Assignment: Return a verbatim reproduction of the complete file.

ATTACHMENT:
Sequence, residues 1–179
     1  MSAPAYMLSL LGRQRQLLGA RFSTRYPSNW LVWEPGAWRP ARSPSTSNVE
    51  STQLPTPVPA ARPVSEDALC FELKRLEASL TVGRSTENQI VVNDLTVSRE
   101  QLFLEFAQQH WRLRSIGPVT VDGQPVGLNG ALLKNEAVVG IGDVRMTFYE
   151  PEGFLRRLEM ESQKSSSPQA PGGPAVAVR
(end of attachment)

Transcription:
Sequence, residues 1–179
     1  MSAPAYMLSL LGRQRQLLGA RFSTRYPSNW LVWEPGAWRP ARSPSTSNVE
    51  STQLPTPVPA ARPVSEDALC FELKRLEASL TVGRSTENQI VVNDLTVSRE
   101  QLFLEFAQQH WRLRSIGPVT VDGQPVGLNG ALLKNEAVVG IGDVRMTFYE
   151  PEGFLRRLEM ESQKSSSPQA PGGPAVAVR